A team of Engineers from Caltech have for the first time created a light detector that integrates two disparate technologies—nanophotonics, which regulates light at the nanoscale, and thermoelectrics, which translate temperature differences straightaway into electron voltage—to differentiate different wavelengths of light, including both infrared and visible wavelengths, at high resolution.
Artist's representation of a conceptual design for the color detector, which uses thermoelectric structures with with arrays of nanoscale wires that absorb different wavelengths of light based on their width. (Credit: Harry Atwater and Kelly Mauser/Caltech)
Light detectors that differentiate between different colors of heat or light are used in various applications, including satellites that monitor changing landscape and vegetation on the earth and medical imagers that differentiate between healthy and cancerous cells based on their color variations.
The new detector, described in a paper in the May 22
nd issue of Nature Nanotechnology, operates approximately 10 to 100 times faster than existing comparable thermoelectric devices and is capable of detecting light across a broader range of the electromagnetic spectrum than traditional light detectors. In traditional light detectors, incoming photons of light are absorbed in a semiconductor and stimulate electrons that are trapped by the detector. The movement of these light-excited electrons generates an electric current—a signal—that can be measured and quantified. Although effective, this type of system makes it hard to "see" infrared light, which is composed of lower-energy photons than those in visible light.
Since the new detectors are potentially capable of trapping infrared wavelengths of heat and sunlight that cannot be gathered efficiently by conventional solar materials, the technology could result in better solar cells and imaging devices.
In nanophotonics, we study the way light interacts with structures that are much smaller than the optical wavelength itself, which results in extreme confinement of light. In this work, we have combined this attribute with the power conversion characteristics of thermoelectrics to enable a new type of optoelectronic device.
Harry Atwater, Corresponding Author of the study
Atwater is the Howard Hughes Professor of Applied Physics and Materials Science in the Division of Engineering and Applied Science at Caltech, and Director of the Joint Center for Artificial Photosynthesis (JCAP). JCAP is a Department of Energy (DOE) Energy Innovation Hub concentrated on formulating a cost-effective technique of turning water, sunlight and carbon dioxide into fuel. It is led by Caltech with Berkeley Lab as a key partner.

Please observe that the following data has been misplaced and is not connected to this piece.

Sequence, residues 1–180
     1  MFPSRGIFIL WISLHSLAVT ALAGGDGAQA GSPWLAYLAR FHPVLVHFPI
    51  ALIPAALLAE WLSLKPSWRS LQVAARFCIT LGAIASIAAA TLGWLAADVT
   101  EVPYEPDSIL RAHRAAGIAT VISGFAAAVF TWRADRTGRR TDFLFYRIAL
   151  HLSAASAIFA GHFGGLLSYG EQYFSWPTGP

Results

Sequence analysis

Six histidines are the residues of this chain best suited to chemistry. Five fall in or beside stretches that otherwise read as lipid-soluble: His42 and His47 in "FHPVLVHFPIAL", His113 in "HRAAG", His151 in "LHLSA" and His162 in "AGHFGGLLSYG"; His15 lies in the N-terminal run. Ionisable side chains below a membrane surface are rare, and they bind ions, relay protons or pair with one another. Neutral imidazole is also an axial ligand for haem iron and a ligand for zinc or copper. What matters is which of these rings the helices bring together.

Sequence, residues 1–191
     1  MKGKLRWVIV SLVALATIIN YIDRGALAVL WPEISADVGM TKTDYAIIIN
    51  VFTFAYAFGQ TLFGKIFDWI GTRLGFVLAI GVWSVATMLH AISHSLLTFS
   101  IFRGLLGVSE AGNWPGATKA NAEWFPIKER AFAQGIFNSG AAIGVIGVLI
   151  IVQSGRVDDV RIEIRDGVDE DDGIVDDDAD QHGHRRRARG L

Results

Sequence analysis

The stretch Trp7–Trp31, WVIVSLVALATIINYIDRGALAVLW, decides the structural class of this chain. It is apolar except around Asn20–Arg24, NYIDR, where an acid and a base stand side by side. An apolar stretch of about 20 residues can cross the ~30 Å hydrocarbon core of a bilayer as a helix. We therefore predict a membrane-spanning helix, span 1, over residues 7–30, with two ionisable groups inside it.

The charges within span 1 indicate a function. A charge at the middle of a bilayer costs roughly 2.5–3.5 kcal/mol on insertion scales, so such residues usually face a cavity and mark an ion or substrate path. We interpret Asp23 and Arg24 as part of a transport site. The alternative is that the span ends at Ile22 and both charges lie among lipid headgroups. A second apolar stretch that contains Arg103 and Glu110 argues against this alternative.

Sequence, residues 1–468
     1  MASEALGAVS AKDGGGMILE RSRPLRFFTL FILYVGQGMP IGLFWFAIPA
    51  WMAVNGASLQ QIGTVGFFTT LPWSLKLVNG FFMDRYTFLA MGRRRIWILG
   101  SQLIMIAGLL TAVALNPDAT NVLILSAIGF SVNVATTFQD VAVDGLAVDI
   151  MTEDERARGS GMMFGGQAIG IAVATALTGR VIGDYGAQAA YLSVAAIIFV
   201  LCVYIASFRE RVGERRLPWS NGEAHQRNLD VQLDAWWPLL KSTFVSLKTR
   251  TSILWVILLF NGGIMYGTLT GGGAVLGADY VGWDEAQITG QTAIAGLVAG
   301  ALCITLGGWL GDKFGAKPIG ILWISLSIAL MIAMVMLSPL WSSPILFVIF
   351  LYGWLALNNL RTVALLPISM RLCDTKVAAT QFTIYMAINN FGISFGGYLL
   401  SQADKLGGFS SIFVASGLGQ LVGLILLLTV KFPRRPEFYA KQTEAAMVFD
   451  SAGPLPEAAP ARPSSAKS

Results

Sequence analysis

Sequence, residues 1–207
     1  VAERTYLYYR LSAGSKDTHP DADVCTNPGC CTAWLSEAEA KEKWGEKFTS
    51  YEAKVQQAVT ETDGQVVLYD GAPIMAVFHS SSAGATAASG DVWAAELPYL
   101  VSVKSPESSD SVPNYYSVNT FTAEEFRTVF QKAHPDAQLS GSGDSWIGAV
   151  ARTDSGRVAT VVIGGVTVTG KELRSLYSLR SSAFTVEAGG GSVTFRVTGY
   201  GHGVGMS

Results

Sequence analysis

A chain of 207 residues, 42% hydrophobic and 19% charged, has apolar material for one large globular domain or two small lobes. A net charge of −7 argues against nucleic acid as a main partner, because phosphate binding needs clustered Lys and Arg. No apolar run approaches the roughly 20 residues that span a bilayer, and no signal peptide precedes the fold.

Atwater's team developed materials with nanostructures that are several nanometers wide—smaller even than the wavelengths of light that denote the visible spectrum, which ranges from approximately 400 to 700 nm.
The Researchers built nanostructures with varying widths, that absorb different wavelengths—colors—of light. When these nanostructures absorb light, they produce an electric current with a strength that matches the light wavelength that is absorbed.
The detectors were fabricated in the Kavli Nanoscience Institute cleanroom at Caltech, where the Researchers formed subwavelength structures using a mixture of vapor deposition (which condenses atom-thin layers of material on a surface from an element-rich mist) and electron beam lithography (which then cuts nanoscale patterns in that material using a focused beam of electrons). The structures, which resonate and produce a signal when they absorb photons with specific wavelengths, were developed from alloys with recognized thermoelectric properties, but the research is relevant to a broad range of materials, the authors say.
This research is a bridge between two research fields, nanophotonics and thermoelectrics, that don't often interact, and creates an avenue for collaboration. There is a plethora of unexplored and exciting application and research opportunities at the junction of these two fields.
Kelly Mauser (MS '16), G
raduate Student and Lead Author of the Nature Nanotechnology study
The research paper is titled "Resonant thermoelectric nanophotonics." Co-authors from Caltech include Keith Schwab, Professor of Applied Physics; Ragip Pala, Senior Research Scientist; Graduate Student Dagny Fleischman and Postdoctoral Researchers Seyoon Kim and Slobodan Mitrovic. This research was funded by a DOE Office of Science grant.